This past March, I first heard of a young musician only a couple months older than I am, named Matt Wessel. Matt has never had cancer, though it has haunted his life: in 1997, his father passed away from a brain tumor; his mother, whom I’ve met and is the reason I first heard about Matt’s work, is herself a survivor.
In 2001, he was approached by students from his alma mater, Warren High in Gurnee, Illinois – all of ten minutes from where I grew up, incidentally – about a benefit concert in honor of a Warrent student named Kate Pedersen, then fighting cancer. He followed through with the first Concert for Life, raising over $6000 for the ACS. Ms. Pedersen lost her battle, and this served only to cement the Concert for Life as an annual fundraising event dedicated to her memory. Beginning with the most recent show, Matt put out a challenge for anyone willing to raise $100 to donate to the ACS; he’s issued the same challenge for next year’s concert, to be held in late March, 2011. I’ve decided to take up that challenge, and have officially joined the Carry On Campaign.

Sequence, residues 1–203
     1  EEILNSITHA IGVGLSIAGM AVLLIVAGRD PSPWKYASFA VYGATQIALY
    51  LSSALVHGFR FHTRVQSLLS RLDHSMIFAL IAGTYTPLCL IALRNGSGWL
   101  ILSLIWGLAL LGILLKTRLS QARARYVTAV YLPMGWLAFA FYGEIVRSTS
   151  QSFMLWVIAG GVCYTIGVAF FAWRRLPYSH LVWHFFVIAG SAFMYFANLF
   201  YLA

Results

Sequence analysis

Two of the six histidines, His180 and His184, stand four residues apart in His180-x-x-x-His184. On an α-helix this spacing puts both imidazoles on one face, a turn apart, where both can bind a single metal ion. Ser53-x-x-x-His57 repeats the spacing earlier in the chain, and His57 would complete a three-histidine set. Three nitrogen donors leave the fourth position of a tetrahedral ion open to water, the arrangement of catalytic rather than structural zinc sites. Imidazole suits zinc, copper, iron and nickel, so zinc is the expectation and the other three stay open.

So in nine months, I have to raise $100. There’s one rule: I can’t contribute a drop of money myself. But, here’s the thing, I have a blog. A fairly popular blog, at that. And if between all of my wonderful regular readers, I can’t raise a teeny-tiny $100 in nine months… well, I don’t even know what, then.
UPDATE We raised the hell out of it: $1180 in nine months! Thanks to everyone who contributed, from the bottom of my heart.